Why This Matters Air quality sensors are essential to measuring and studying pollutants that can harm public health and the environment. Technological improvements have led to smaller, more affordable sensors as well as satellite-based sensors with new capabilities. However, ensuring the quality and appropriate interpretation of sensor data can be challenging. The Technology What is it? Air quality sensors monitor gases, such as ozone, and particulate matter, which can harm human health and the environment. Federal, state, and local agencies jointly manage networks of stationary air quality monitors that make use of sensors. These monitors are expensive and require supporting infrastructure. Officials use the resulting data to decide how to address pollution or for air quality alerts, including alerts during wildfires or on days with unhealthy ozone levels. However, these networks can miss pollution at smaller scales and in rural areas. They generally do not measure air toxics—more localized pollutants that may cause cancer and chronic health effects—such as ethylene oxide and toxic metals. Two advances in sensor technologies may help close these gaps. First, newer low-cost sensors can now be deployed virtually anywhere, including on fences, cars, drones, and clothing (see fig. 1). Researchers, individuals, community groups, and private companies have started to deploy these more affordable sensors to improve their understanding of a variety of environmental and public health concerns. Second, federal agencies have for decades operated satellites with sensors that monitor air quality to understand weather patterns and inform research. Recent satellite launches deployed sensors with enhanced air monitoring capabilities, which researchers have begun to use in studies of pollution over large areas. Figure 1. There are many types of air quality sensors, including government-operated ground-level and satellite-based sensors, as well as low-cost commercially available sensors that can now be used on a variety of platforms, such as bicycles, cars, trucks, and drones. How does it work? Low-cost sensors use a variety of methods to measure air quality, including lasers to estimate the number and size of particles passing through a chamber and meters to estimate the amount of a gas passing through the sensor. The sensors generally use algorithms to convert raw data into useful measurements (see fig. 2). The algorithms may also adjust for temperature, humidity and other conditions that affect sensor measurements. Higher-quality devices can have other features that improve results, such as controlling the temperature of the air in the sensors to ensure measurements are consistent over time. Sensors can measure different aspects of air quality depending on how they are deployed. For example, stationary sensors measure pollution in one location, while mobile sensors, such as wearable sensors carried by an individual, reflect exposure at multiple locations. Satellite-based sensors generally measure energy reflected or emitted from the earth and the atmosphere to identify pollutants between the satellite and the ground. Some sensors observe one location continuously, while others observe different parts of the earth over time. Multiple sensors can be deployed in a network to track the formation, movement, and variability of pollutants and to improve the reliability of measurements. Combining data from multiple sensors can increase their usefulness, but it also increases the expertise needed to interpret the measurements, especially if data come from different types of sensors. Figure 2. A low-cost sensor pulls air in to measure pollutants and stores information for further study. How mature is it? Sensors originally developed for specific applications, such as monitoring air inside a building, are now smaller and more affordable. As a result, they can now be used in many ways to close gaps in monitoring and research. For example, local governments can use them to monitor multiple sources of air pollution affecting a community, and scientists can use wearable sensors to study the exposure of research volunteers. However, low-cost sensors have limitations. They operate with fewer quality assurance measures than government-operated sensors and vary in the quality of data they produce. It is not yet clear how newer sensors should be deployed to provide the most benefit or how the data should be interpreted. Some low-cost sensors carry out calculations using artificial intelligence algorithms that the designers cannot always explain, making it difficult to interpret varying sensor performance. Further, they typically measure common pollutants, such as ozone and particulate matter. There are hundreds of air toxics for which additional monitoring using sensors could be beneficial. However, there may be technical or other challenges that make it impractical to do so. Older satellite-based sensors typically provided infrequent and less detailed data. But newer sensors offer better data for monitoring air quality, which could help with monitoring rural areas and pollution transport, among other benefits. However, satellite-based sensor data can be difficult to interpret, especially for pollution at ground level. In addition, deployed satellite-based sensor technologies currently only measure a few pollutants, including particulate matter, ozone, sulfur dioxide, nitrogen dioxide, formaldehyde, and carbon monoxide. Opportunities Improved research on health effects. The ability to track personal exposure and highly localized pollution could improve assessments of public health risks. Expanded monitoring. More dense and widespread monitoring could help identify pollution sources and hot spots, in both urban and rural areas. Enhanced air quality management. Combined measurements from stationary, mobile, and satellite-based sensors can help officials understand and mitigate major pollution issues, such as ground-level ozone and wildfire smoke. Community engagement. Lower cost sensors open up new possibilities for community engagement and citizen science, which is when the public conducts or participates in the scientific process, such as by making observations, collecting and sharing data, and conducting experiments. Challenges Performance. Low-cost sensors have highly variable performance that is not well understood, and their algorithms may not be transparent. Low-cost sensors operated by different users or across different locations may have inconsistent measurements. Interpretation. Expertise may be needed to interpret sensor data. For example, sensors produce data in real time that may be difficult to interpret without health standards for short-term exposures. Data management. Expanded monitoring will create large amounts of data with inconsistent formatting, which will have to be stored and managed. Alignment with needs. Few of the current low-cost and satellite-based sensors measure air toxics. In addition, low-income communities, which studies show are disproportionally harmed by air pollution, may still face challenges deploying low-cost sensors. Policy Context and Questions How can policymakers leverage new opportunities for widespread monitoring, such as citizen science, while also promoting appropriate use and interpretation of data? How can data from a variety of sensors be integrated to better understand air quality issues, such as environmental justice concerns, wildfires, and persistent ozone problems? How can research and development efforts be aligned to produce sensors to monitor key pollutants that are not widely monitored, such as certain air toxics? For more information, contact Karen Howard at (202) 512-6888 or HowardK@gao.gov.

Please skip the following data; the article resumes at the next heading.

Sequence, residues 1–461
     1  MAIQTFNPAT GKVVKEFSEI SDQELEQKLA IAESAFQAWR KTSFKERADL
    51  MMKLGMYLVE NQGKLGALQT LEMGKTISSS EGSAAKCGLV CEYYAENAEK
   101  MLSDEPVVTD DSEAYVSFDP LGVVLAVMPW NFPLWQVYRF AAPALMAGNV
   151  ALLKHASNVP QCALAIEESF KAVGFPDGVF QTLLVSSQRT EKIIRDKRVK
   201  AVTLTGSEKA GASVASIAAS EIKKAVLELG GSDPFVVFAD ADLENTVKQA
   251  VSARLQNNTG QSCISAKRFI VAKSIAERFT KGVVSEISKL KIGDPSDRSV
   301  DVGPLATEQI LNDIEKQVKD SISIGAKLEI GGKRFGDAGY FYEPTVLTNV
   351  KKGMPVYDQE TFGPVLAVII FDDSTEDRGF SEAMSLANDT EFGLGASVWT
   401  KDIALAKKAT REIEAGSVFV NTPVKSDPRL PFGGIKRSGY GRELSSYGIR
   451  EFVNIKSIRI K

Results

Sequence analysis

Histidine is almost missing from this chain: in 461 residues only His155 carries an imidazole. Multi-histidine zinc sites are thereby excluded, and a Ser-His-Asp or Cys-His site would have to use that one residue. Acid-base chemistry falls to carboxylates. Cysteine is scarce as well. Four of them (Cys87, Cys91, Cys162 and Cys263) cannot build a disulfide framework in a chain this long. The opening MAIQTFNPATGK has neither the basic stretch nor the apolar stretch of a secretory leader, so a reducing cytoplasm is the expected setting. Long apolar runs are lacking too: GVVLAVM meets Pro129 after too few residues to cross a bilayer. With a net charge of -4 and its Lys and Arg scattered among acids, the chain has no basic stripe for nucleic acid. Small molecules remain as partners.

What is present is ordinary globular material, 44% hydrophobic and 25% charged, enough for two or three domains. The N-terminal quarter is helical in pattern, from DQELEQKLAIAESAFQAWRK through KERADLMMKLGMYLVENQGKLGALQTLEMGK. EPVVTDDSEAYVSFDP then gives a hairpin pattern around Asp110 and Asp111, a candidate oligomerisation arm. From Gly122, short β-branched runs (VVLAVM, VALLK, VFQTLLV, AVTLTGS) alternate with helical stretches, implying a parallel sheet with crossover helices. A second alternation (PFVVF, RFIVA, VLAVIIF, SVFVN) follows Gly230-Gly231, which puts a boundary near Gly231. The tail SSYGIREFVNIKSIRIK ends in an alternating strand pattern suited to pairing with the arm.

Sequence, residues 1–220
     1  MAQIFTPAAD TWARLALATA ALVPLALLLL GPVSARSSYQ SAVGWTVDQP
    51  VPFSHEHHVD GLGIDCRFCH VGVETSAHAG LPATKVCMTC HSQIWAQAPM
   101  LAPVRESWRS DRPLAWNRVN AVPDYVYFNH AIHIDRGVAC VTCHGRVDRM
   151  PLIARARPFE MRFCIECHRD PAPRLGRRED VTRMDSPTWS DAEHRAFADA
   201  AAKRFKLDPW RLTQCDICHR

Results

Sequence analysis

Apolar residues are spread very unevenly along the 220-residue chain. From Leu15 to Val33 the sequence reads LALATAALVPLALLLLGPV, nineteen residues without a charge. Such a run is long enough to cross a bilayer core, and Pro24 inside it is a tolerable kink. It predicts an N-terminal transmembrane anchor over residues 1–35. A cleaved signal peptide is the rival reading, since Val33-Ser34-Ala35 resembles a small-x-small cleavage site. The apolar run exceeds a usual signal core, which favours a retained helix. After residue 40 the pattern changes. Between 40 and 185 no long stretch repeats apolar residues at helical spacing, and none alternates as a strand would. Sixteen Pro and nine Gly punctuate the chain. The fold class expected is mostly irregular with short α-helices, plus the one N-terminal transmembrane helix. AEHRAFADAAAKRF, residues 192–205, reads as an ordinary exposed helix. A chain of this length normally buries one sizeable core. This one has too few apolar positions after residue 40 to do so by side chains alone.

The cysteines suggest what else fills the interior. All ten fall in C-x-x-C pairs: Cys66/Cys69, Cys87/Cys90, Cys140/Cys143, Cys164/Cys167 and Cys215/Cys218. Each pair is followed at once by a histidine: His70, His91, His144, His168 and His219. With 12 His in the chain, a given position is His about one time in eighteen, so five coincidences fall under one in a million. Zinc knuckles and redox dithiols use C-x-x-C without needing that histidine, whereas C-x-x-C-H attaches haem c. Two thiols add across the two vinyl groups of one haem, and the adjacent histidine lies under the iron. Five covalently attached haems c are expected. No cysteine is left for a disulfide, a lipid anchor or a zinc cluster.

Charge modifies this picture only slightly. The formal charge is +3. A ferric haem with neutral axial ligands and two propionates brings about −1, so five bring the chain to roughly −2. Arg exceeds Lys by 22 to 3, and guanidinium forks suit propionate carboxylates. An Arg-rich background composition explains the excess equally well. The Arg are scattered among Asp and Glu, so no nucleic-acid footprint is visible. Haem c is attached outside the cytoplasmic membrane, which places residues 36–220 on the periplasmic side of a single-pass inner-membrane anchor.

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    In U.S GAO News